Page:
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Tuesday, 11 December, 2001, 18:28 GMT
Death of a journalist
Northern Alliance troops
The rugged country near Taloqan is a Northern Alliance stronghold
Hilary Andersson

There's a wide river that separates Tajikistan from Afghanistan. Its waters flow through a desert, and past the base of steep tawny mountains.

We stood on its banks waiting to cross, by a flat metal barge, into the remote north of Afghanistan, and into the unknown. The road on the other side was said to be safe. Just as well. Because the car I was in didn't have a working battery.

Ulf Stroemberg
Ulf Stroemberg was killed by unknown gunmen

The Afghan driver kept stopping for cigarettes, whilst the man in the passenger seat stretched across to put his foot on the accelerator to stop the car from stalling.

We push-started the car five or six times, knee deep in clouds of fine, choking dust.

At the back of my mind were the four journalists who had been ambushed and killed on a road in Eastern Afghanistan just days before.

The driver ploughed on, in and out of impossible ravines, through water, through dust that restricted visibility at times to a few yards.

When the dust cleared the views were spectacular. This was austere land. A land of imposing hills that seemed to shoot up vertically from the ground, a land where the cold wind and dust sweeps in, and the people slink under their scarves waiting for it to pass.

When the worst has gone by, they go on. And so it is with the war.

Life goes on

Until a month ago this area was Taleban-controlled. The latest war had passed this way. But there were no scenes of disaster to be seen.

Farmers worked fields with ancient ploughs pulled by oxen, markets were busy. There were fresh vegetables. There was huge poverty and no schools or hospitals, but life went on.

Mud houses
Life in much of Afghanistan is unchanged for centuries

After 20 years of war Afghanistan seems to survive in spite of everything and completely on its own.

The towns we passed were made almost entirely of mud. I did not see one telephone or electricity wire, or any sign at all of the outside world.

Six gruelling hours later, in the dark, we arrived at Taloqan, our destination.

Like the other journalists we were staying in an Afghan's house; the front door opened onto a busy narrow road, crowded with people, donkeys, goats, and a wide sewage drain you had to jump over to get inside.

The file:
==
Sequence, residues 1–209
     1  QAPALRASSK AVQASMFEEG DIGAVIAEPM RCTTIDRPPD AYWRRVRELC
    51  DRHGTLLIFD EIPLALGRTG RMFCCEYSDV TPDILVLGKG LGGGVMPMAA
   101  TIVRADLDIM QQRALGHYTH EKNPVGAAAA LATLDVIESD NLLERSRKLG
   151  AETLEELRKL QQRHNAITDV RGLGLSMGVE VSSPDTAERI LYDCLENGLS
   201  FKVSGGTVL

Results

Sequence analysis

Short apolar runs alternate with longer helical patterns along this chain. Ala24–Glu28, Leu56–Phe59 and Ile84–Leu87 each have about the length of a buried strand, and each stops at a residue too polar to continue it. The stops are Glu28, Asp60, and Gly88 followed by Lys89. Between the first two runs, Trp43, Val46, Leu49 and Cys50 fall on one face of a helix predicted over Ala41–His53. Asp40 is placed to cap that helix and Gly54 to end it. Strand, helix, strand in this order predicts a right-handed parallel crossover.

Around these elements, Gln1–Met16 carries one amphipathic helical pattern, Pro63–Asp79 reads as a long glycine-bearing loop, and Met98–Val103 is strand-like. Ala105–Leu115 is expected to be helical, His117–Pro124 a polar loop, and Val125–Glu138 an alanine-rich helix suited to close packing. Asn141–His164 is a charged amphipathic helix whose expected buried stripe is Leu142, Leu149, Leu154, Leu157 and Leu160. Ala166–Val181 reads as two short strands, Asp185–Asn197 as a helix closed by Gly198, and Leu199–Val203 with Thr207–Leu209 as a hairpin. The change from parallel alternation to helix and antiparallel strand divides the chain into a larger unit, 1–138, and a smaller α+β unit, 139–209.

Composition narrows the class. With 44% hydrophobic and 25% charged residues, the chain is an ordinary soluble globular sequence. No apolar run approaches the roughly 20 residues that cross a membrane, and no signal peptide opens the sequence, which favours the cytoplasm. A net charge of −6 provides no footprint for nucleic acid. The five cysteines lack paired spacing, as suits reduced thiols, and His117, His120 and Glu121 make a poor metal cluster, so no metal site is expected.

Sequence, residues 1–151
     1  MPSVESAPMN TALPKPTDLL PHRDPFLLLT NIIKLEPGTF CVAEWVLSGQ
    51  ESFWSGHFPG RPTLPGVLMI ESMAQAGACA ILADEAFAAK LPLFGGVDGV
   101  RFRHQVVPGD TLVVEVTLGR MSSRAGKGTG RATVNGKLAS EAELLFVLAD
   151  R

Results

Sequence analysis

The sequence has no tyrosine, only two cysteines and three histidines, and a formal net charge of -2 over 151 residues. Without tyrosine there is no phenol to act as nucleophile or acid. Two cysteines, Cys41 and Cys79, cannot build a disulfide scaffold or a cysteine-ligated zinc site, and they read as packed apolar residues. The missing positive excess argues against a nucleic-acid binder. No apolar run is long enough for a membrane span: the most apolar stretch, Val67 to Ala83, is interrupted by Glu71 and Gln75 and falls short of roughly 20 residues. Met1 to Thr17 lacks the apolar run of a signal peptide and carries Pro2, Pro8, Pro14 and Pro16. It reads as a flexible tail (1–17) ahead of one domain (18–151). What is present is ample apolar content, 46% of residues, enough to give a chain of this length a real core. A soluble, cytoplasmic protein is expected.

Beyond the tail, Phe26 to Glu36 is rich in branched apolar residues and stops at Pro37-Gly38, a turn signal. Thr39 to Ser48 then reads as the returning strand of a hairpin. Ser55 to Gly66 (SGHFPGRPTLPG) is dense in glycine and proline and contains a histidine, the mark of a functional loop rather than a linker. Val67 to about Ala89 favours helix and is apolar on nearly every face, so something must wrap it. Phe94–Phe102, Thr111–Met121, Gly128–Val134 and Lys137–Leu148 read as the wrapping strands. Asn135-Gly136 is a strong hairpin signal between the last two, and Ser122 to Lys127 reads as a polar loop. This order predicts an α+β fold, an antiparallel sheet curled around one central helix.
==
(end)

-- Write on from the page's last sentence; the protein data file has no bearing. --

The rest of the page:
That day the last major Taleban-controlled town in the north, Kunduz, nearby, had just fallen to the Northern Alliance. The atmosphere in Taloqan was charged.

We all fell asleep on the floors, relieved that we had arrived, and glad that we were at least protected from the outside by four walls.

'Senseless' killing

Then at 0200 it happened.

Two-hundred metres down the road armed boys, around 15 years old, broke into a house where Swedish journalists were sleeping.

No one knew who the gunmen were - whether they were criminals, or soldiers

In the first room a translator pleaded with the gunmen not to kill them as they had families at home.

The gunmen burst into another room; and they shot a 42 year-old cameraman in the chest. He was killed.

We learnt what had happened at 0600. That sinking feeling that we were now a target came over a lot of us. Our focus, and that of every media organisation in the town, was now how to get out, and get out quickly.

No-one knew who the gunmen were - whether they were criminals, or soldiers.

We asked the Northern Alliance for armed guards to escort us to the border. At first they refused, saying the road was dangerous. Then they reluctantly promised soldiers would escort us.

In the end the guards refused to come.

Hurried exit

While we packed, the occasional burst of machine-gun fire sounded across the town - Afghans playing with their guns.

A local doctor was washing the body.

In Afghanistan, after so much war, the horrible ritual felt almost normal

The coffin was lifted onto a truck. Our grim convoy finally moved out. We hurtled down the roads trying to make the border before dark.

Our Afghan driver at one point tried to race in front of the car with the coffin. The two cars crashed into each other, metal crunched. The drivers started shouting at each other. Someone calmed them down.

On the plains we drove through, dust swirled 20 feet high in the air. The entire land on that day was shrouded in a surreal haze.

Through this Afghan mist women walked by clad in burqa. The wind billowed around slowly inside the cloth, and they looked like living ghosts.

Then at last a sign that we were nearing the border, a deep bank of water for us to cross.

Fifty or so horsemen had gathered there to help cars cross. One galloped alongside one of our cars, the rider's sword held high in the air.

Borne away by barge

The water was deep and there was a current, but the cars went through, swaying and slipping before gripping to the sides of the bank and moving on.

We reached the border after nightfall, and it was cold. We lifted the coffin onto the barge, and felt the weight of the body inside. The weight of a journalist, who had crossed this river just like us.

Who had been alive just hours before.

In Afghanistan, after so much war, the horrible ritual felt almost normal.

I watched as the barge bore his body slowly across the black water, out of Afghanistan, and back into the world where his death would be seen for what it was: mad and pointless, and impossible to justify or explain.

report by Hilary Andersson
"That sinking feeling that we were now a target came over a lot of us."
See also:

12 Nov 01 | South Asia
The risks of war reporting
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